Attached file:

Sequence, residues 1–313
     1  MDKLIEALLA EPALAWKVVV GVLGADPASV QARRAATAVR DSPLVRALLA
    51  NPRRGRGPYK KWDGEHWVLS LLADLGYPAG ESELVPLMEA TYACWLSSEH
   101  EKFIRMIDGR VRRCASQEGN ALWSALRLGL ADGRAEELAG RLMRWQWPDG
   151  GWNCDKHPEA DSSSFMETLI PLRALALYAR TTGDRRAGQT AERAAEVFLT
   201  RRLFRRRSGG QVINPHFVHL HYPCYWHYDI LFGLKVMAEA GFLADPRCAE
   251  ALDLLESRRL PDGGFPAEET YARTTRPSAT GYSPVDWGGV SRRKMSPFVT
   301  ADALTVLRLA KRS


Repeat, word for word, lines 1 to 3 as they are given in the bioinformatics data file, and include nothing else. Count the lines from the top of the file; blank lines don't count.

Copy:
Sequence, residues 1–313
     1  MDKLIEALLA EPALAWKVVV GVLGADPASV QARRAATAVR DSPLVRALLA
    51  NPRRGRGPYK KWDGEHWVLS LLADLGYPAG ESELVPLMEA TYACWLSSEH